Traditional cabinet doors are usually made of a solid wood sheet construction. While they do a perfect job of keeping the contents of the cabinet contained, they also conceal them from view. If you’d rather have the contents easily seen while continuing to keep them safely put away, you’ll need to change the solid wood cabinet doors to doors of glass. Modifying the existing doors is possible, but usually not worth the time and effort. Instead, you can create your own framed glass cabinet doors, sized to fit your cabinets perfectly, with only a few required tools.
Things You'll Need
- Phillips-head screwdriver
- Tape measure
- 1-by-3-inch hardwood strips
- Compound miter saw
- Sliding compound miter saw
- Router with rail
- Yellow wood glue
- Brad nailer
- Interior wood paint or wood stain
- 1/8-inch thick glass sheets
- 1/8-inch thick keeper strip
- Small brads
- Brad pusher
- Cabinet hinges
- Wood screws
Empty out all items from the cabinet to avoid damaging them during the cabinet door replacement process.
Remove the screws from the hinges holding the existing cabinet doors in place with a Phillips-head screwdriver. Pull the doors from the front of the cabinet and then set them aside onto a flat surface. Measure the dimensions of the cabinet doors with a tape measure, taking both the length and width of the cabinet doors.
Set the work-stop block on the saw rail to the measured length of the cabinet doors. Place the plank onto the saw rail, and then cut through the board with the saw blade. Cut two length boards for each cabinet door. Cut two width boards using the same cutting process for the width measurement of the cabinet.
Create lap joints on the end of each of the cut boards using a router set to cut into the face of the board, half of the board’s thickness. Set a rail on top of the boards as a guide for the router, setting the rail onto the face of the board spaced the exact measured width of the board, from the board’s end. This will give you a cut on the board that’s half the board’s depth while being the width of the other board overlapping the cut.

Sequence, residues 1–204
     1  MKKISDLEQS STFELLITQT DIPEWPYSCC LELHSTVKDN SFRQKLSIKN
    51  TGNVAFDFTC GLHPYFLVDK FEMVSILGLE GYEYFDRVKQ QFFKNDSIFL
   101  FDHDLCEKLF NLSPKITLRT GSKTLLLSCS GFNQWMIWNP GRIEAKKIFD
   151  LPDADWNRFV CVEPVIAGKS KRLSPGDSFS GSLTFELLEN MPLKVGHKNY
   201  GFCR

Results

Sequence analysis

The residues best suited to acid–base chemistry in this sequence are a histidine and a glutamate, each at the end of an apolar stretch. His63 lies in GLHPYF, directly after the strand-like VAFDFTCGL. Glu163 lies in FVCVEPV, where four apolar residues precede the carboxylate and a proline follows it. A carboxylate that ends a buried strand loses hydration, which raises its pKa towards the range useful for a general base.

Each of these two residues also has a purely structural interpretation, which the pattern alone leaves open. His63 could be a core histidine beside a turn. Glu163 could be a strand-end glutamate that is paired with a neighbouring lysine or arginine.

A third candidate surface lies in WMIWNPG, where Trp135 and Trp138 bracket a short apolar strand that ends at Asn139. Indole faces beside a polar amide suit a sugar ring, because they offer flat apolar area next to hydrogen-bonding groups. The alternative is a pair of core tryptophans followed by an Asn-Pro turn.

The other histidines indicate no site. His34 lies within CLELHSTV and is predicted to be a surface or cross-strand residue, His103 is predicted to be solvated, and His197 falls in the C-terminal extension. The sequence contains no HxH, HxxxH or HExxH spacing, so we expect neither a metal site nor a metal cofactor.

Brush yellow wood glue over the routed cuts with a paintbrush. Press the cut on a width board over the cut on a length board to create an overlap where the corners of the joint are 90-degrees, and the overlapped area is the same height as the rest of the board. Repeat the process for the other three joints of the cabinet doorframe to create a frame that’s the same size as the original cabinet door. Place brad nails through the overlapping board sections to secure the frame as the glue dries.
Replace the bit in the router with a round-over bit. Set the bit depth to about 1/4-inch, and then run the router over the edges on the front of the board to round them out for a more attractive look.
Change to a rabbet bit in the router, and then flip the board over so that you can cut along the rear. Set the bit depth to about 1/4-inch and then cut a small rabbit ledge on the inside edge of the frame to hold the glass in place. Remove the corner material left by the rabbit bit with a hammer and chisel to create 90-degree angles for the rabbit ledge. Create a rabbet on the outside of the rear frame as well, to allow for proper fitting of the cabinet door within the cabinet opening.
Paint or stain the frame the color desired, applying the paint or wood stain with a paintbrush.
Measure the space between opposing rabbet edges on the interior of the frame, and have a 1/8-inch thick sheet of glass cut to match the measurement. Place the glass into the frame along the ledge.
Place a 1/8-inch thick keeper strip the same width as your rabbet ledge between the glass surface and the bottom surface of the frame behind the glass, and push it to the edge of the frame. Nail the strip in place by pushing small brad nails through the edge of the strip and into the frame with a brad pusher every 6-inches, from the side of the strip facing the glass.
Screw the hinges onto the new glass cabinet door, and then screw the cabinet door handles onto the fronts. Place the door onto the cabinet and screw the hinges to the cabinet frame to complete the installation of the new glass cabinet door.
Tips & Warnings
- Rent the saw from a home improvement store or equipment rental shop.
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